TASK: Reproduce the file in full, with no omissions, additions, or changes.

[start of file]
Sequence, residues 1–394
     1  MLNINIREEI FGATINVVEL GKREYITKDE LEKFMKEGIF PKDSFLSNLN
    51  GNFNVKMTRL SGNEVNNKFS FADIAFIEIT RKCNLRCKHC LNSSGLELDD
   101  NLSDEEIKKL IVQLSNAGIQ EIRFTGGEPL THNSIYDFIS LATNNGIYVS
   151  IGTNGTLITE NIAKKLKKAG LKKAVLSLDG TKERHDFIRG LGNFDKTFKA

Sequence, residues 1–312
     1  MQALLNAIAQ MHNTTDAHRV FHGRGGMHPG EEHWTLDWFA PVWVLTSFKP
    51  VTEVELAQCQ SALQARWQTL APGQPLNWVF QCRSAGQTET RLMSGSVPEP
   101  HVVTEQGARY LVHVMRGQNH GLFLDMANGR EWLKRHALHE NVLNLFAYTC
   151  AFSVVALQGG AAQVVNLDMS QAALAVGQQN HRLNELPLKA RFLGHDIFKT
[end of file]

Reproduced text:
Sequence, residues 1–394
     1  MLNINIREEI FGATINVVEL GKREYITKDE LEKFMKEGIF PKDSFLSNLN
    51  GNFNVKMTRL SGNEVNNKFS FADIAFIEIT RKCNLRCKHC LNSSGLELDD
   101  NLSDEEIKKL IVQLSNAGIQ EIRFTGGEPL THNSIYDFIS LATNNGIYVS
   151  IGTNGTLITE NIAKKLKKAG LKKAVLSLDG TKERHDFIRG LGNFDKTFKA

Sequence, residues 1–312
     1  MQALLNAIAQ MHNTTDAHRV FHGRGGMHPG EEHWTLDWFA PVWVLTSFKP
    51  VTEVELAQCQ SALQARWQTL APGQPLNWVF QCRSAGQTET RLMSGSVPEP
   101  HVVTEQGARY LVHVMRGQNH GLFLDMANGR EWLKRHALHE NVLNLFAYTC
   151  AFSVVALQGG AAQVVNLDMS QAALAVGQQN HRLNELPLKA RFLGHDIFKT